|Intermediate Band Challenge in InAs/GaAs Quantum Dot Solar Cell at Cryogenic Temperatures|
|Yangyi Yao & Mario Dagenais
University of Maryland, College Park, MD, United States
The world record for the power conversion efficiency of a single-junction GaAs solar cell has now reached 29.1%, which is closest to the Shockley-Queisser limit of 33.5%. More than 20 years ago, Luque and Marti introduced the concept of intermediate band (IB) as a way to enhance the efficiency of solar cells beyond the Shockley-Queisser limit. Quickly after, it was suggested that III-V quantum dots (QDs) could form the IB and enhance the efficiency of the single-junction solar cell. The intermediate band solar cell based on InAs/GaAs and InGaAs/GaAs quantum dots have been extensively studied, but no one has demonstrated any efficiency enhancement over the optimized single-junction solar cell. Previously we have demonstrated that the IB two-photon absorption (2PA) in InAs/GaAs quantum dot solar cell (QDSC) has nearly no contribution to the photocurrent enhancement at room temperature. In the present work, we are studying the carrier dynamics of InAs/GaAs QDSC at cryogenic temperatures to investigate the proportion of the photocurrent generation, which is due to a background 2PA and to the saturation of the QDs ground state (GS) transition. We have measured the QDs transition energy from room temperature to 8K. We have studied the photocurrent response and extracted the saturation intensity of the QDs GS from room temperature to 170K with a modified on-resonance z-scan system. We observed a substantial decrease of the saturation intensity as the temperature is decreased, but this intensity is still much higher than one-sun intensity and is about 1.8 times higher than the sun intensity at maximum concentration at 170K. The IB 2PA contribution to the photocurrent enhancement is extremely small even at 170K. Our results challenge the concept of intermediate state for enhancing the conversion efficiency of quantum dot solar cells.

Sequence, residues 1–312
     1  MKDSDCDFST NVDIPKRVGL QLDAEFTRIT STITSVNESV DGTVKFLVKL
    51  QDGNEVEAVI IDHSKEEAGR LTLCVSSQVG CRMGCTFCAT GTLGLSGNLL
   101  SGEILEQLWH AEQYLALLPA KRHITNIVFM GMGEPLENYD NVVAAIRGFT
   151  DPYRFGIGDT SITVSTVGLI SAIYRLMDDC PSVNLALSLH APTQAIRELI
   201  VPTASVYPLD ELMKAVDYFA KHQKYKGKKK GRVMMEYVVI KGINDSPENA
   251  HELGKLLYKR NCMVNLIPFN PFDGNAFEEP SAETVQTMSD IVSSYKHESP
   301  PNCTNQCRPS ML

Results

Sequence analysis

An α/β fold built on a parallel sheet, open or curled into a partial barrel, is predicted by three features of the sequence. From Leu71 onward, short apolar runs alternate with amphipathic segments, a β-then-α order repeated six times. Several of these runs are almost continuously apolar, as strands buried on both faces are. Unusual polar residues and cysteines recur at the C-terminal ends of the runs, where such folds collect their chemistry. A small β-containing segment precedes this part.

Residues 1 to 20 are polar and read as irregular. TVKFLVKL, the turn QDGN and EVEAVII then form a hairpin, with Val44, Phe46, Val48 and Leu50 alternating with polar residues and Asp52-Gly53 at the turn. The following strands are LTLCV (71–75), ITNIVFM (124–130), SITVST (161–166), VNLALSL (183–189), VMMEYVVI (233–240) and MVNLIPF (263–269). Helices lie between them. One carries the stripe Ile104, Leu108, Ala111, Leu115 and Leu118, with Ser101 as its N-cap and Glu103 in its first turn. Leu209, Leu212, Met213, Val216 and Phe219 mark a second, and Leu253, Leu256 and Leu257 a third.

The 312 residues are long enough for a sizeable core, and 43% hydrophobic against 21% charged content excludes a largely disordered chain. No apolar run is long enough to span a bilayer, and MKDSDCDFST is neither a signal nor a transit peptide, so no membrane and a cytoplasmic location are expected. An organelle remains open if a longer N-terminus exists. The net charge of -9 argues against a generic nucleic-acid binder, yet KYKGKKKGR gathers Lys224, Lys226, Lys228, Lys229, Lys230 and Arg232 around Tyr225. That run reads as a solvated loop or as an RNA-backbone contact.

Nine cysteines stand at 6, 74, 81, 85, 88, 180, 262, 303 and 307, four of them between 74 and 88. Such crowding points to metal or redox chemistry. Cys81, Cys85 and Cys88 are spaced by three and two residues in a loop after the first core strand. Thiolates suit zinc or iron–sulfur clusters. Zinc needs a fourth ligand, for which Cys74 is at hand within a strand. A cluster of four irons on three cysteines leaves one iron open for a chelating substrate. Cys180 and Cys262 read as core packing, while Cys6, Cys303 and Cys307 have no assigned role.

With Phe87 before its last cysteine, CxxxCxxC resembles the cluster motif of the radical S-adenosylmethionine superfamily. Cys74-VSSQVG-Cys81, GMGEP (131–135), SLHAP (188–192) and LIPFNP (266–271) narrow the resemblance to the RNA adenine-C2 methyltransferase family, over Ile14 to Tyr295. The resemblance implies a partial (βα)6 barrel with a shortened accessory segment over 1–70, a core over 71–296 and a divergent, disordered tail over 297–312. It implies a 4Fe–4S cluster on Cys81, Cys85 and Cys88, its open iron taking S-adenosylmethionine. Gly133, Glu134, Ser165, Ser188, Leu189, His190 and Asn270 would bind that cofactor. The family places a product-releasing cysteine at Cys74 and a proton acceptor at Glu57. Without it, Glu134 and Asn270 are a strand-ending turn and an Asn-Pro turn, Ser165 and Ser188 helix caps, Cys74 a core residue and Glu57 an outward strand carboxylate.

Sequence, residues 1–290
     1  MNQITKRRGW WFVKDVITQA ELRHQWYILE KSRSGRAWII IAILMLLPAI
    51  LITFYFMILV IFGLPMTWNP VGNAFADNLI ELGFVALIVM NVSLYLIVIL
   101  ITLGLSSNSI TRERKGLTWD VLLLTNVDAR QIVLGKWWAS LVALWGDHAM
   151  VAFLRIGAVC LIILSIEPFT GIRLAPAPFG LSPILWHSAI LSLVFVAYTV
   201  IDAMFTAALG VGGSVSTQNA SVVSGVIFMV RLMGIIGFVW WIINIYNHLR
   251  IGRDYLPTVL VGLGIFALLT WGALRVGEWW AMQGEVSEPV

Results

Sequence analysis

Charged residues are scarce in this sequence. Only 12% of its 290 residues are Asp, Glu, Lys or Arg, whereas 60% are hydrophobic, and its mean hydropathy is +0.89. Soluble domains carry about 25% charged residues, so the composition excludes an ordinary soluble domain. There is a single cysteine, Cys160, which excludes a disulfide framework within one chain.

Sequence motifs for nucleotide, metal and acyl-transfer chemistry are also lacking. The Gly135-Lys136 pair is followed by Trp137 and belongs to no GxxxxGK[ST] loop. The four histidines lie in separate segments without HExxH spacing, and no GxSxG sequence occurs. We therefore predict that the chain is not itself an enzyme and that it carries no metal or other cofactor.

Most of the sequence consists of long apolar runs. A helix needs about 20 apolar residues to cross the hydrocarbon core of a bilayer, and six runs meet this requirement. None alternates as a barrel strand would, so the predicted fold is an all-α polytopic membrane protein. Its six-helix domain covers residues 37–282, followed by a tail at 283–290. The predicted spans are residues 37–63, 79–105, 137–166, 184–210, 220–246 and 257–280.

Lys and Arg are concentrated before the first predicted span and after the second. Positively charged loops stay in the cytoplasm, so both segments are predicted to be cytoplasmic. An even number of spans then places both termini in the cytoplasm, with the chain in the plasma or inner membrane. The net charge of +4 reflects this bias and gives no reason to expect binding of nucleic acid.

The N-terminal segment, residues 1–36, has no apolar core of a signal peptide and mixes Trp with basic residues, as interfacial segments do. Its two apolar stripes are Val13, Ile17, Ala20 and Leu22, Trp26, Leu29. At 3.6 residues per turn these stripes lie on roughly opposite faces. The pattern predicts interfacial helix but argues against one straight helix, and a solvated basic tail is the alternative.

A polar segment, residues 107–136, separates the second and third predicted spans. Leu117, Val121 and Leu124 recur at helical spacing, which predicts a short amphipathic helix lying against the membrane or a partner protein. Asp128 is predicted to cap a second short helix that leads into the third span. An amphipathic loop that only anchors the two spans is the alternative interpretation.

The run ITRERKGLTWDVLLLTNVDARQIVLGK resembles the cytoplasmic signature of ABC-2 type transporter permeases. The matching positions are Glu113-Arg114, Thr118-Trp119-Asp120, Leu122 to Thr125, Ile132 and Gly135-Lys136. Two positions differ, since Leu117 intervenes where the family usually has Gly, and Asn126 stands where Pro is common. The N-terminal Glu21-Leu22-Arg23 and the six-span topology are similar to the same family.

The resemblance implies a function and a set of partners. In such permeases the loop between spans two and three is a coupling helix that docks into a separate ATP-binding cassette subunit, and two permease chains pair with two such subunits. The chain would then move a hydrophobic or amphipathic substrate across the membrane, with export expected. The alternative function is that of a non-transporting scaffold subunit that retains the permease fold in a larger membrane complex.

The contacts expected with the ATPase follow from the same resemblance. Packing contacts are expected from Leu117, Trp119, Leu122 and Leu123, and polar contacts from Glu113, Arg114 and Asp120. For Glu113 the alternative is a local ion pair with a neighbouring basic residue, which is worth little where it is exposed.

Area: Sub-Area 1.2: Quantum-well, Wire, and Dot-Architectured Devices